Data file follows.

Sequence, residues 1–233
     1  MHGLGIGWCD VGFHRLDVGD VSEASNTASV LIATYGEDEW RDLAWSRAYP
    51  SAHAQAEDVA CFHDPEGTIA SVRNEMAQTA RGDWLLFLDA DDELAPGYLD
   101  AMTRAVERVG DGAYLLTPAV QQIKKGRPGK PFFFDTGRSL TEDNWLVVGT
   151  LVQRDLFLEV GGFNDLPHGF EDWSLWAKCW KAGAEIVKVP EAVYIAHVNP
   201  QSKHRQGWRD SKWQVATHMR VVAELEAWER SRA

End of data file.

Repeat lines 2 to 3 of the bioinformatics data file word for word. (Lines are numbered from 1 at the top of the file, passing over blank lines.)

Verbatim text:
     1  MHGLGIGWCD VGFHRLDVGD VSEASNTASV LIATYGEDEW RDLAWSRAYP
    51  SAHAQAEDVA CFHDPEGTIA SVRNEMAQTA RGDWLLFLDA DDELAPGYLD